Mingling, jingling at KIIS’ holiday spectacle
A few minutes after rapper David Banner sauntered onstage at the 102.7 KIIS FM Jingle Ball in Anaheim on Saturday night, he plucked an adorable little girl from the audience, hoisted her onto his shoulders and ran through a cultural and racial roll call of the crowd. “What I love about Jingle Ball is that it brings so many different races together,” Banner said. “Where are my Native American brothers and sisters in the house? Where the black folks at? White people, make some noise!”
Banner’s banter invited everyone into the big tent of pop fandom. Jingle Ball had a similar, if even more sweeping, goal: four hours of rapid-fire blasts to the pleasure cells where teenagers store their favorite hooks from drive-time radio. Who cares about their differences -- in culture, fashion, musical genres -- when it all comes down to a simple test: Does a single sound good while ripping doughnuts in the high-school parking lot? If yes, then Chris Brown’s fleet-footed R&B; dance moves, Tokio Hotel’s Sonic the Emo Hedgehog haircuts and Katy Perry’s bi-curious electro pop are all welcome.
There’s no room for dawdling, however, as Jingle Ball’s format (each artist plays two to five singles, then politely exits) makes a big entrance essential. So it seemed entirely appropriate that Perry emerged onstage from a giant banana in a particularly racy Mrs. Claus outfit, and that Jesse McCartney prefaced his set with a video montage of himself posing in a variety of expensive sunglasses, and that Chris Brown descended headfirst from the rafters, dangling by invisible wires.
In a weird inversion of pop radio’s merits, however, a strong and ubiquitous single wasn’t enough to stand out in the Jingle Ball round table. British singer Estelle can claim two of the most consistently fun pop tunes today -- the Kanye West-assisted “American Boy” and the lovers rock-reggae hit “Come Over,” but an uncertain mix hobbled both. Any live vocal contributions by Akon or the Pussycat Dolls (whose burlesque dances are bested by locals at Jumbo’s Clown Room any given night) were flagrantly outnumbered by backing tracks, though Akon did compensate with an inspired bit of crowd-surfing.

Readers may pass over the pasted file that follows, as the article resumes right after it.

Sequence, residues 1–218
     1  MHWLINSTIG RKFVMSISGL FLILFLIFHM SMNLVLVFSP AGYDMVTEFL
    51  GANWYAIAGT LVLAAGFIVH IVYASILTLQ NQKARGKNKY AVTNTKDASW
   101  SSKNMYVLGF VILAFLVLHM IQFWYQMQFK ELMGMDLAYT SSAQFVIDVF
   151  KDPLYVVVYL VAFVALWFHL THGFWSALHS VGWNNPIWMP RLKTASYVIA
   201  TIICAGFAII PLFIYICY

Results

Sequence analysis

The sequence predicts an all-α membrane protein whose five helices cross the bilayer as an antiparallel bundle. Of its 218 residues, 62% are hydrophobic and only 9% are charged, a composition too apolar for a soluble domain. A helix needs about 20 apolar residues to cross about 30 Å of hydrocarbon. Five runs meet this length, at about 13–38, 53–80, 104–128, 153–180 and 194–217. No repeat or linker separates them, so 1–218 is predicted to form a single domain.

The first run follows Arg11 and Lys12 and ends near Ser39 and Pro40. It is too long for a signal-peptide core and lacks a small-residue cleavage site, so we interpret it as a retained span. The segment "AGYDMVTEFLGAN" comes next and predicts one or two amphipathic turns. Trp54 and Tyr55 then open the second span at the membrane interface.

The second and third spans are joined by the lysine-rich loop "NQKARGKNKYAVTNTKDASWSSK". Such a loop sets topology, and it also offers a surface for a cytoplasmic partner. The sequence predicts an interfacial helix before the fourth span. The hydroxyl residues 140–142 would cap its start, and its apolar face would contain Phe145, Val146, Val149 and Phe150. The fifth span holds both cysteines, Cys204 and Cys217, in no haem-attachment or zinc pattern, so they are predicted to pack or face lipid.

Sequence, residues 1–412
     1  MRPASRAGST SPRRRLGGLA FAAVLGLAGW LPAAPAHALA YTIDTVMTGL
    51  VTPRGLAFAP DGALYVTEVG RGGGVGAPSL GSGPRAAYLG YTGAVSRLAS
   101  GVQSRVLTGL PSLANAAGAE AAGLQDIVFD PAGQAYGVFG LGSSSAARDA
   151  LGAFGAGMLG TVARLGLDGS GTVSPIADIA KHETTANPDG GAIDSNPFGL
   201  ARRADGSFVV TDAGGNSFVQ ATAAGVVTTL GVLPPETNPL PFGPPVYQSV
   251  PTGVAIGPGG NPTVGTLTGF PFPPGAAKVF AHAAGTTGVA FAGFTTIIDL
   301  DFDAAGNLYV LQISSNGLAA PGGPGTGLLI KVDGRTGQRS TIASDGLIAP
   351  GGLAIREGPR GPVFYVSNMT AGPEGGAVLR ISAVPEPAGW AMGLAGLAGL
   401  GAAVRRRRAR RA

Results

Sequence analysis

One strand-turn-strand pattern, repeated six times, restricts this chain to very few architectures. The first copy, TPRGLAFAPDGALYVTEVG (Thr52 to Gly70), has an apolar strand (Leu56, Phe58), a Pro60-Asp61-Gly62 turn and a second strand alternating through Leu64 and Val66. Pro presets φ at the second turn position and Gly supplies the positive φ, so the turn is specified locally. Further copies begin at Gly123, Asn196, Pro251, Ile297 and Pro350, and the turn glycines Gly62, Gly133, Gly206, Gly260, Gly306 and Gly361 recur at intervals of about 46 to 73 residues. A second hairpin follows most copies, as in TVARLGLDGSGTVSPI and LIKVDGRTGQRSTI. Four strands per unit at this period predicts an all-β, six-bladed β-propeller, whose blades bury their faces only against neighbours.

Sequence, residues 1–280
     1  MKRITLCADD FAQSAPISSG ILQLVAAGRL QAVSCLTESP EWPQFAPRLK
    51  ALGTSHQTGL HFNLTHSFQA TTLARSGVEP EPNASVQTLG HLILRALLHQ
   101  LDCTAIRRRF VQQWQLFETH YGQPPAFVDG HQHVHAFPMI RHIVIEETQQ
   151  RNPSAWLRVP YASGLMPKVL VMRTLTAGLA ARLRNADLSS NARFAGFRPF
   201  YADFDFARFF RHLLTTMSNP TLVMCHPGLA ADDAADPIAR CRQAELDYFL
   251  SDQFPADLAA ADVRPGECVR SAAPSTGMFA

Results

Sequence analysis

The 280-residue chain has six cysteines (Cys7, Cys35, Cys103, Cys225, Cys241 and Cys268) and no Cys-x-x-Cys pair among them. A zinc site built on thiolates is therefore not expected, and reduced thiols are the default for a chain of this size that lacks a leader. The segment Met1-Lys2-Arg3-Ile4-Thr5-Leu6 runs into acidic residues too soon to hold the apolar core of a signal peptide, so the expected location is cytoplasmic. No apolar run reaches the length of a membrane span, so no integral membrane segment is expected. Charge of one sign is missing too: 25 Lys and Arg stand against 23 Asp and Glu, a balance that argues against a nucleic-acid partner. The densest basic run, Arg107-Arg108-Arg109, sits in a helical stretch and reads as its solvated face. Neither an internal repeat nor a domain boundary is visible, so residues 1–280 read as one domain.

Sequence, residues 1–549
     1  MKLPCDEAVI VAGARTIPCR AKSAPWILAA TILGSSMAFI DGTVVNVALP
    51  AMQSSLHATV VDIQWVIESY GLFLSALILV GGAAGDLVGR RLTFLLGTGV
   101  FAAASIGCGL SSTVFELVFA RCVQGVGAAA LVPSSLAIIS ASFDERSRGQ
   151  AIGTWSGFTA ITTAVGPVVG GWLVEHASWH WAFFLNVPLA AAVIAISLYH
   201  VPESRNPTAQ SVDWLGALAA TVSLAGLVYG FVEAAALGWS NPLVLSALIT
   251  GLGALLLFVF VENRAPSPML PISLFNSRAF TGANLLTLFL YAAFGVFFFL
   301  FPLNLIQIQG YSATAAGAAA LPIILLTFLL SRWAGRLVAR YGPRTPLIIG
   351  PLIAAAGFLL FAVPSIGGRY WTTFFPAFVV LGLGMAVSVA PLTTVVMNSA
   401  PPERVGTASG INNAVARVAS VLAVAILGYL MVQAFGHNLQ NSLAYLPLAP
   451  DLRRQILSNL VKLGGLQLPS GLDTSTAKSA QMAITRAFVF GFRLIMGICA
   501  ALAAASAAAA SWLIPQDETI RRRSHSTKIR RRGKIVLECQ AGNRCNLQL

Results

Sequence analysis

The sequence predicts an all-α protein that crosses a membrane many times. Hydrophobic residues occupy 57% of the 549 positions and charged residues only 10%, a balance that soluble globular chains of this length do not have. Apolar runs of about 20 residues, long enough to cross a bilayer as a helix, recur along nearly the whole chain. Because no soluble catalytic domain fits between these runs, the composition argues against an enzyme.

Fortunately, the guard changed so fast there was barely time to stew in opposition. Some artists did even better live than on the radio -- “Get Like Me” misuses Banner’s fierce Southern bark in service of consumption porn, but a bit of thug bravado was most welcome after Tokio Hotel’s glittery presence. McCartney’s “Leavin’ ” is a highly suspect invitation to join the young singer on his hypothetical private jet, but his incandescent grin and unexpected vocal range made a good argument for boy band-era precision onstage.
Any mention of the name “Chris Brown” from the show’s hosts sent the young, female and generally besotted audience into screaming fits. Brown’s headlining set was, in kind, less a performance of music than a celebration of Chris Brown-ness, a flaming nebula of charisma that made whatever snippet of song he tackled largely beside the point. Brown is probably the best dancer in pop music today (a hugely underrated skill), and he turned over a big portion of his set to a gang of nimble kids who joined him in several dance-offs that surely left phantom pains in the joints of all adults in the room.
Hits such as “No Air” and “Kiss Kiss” were perfectly competent windows-down confections, but each was overshadowed by the sheer wattage of Brown’s star power. So goes Jingle Ball as a whole -- a good song will get you on the radio, but you have to rise above the playlist to stay there.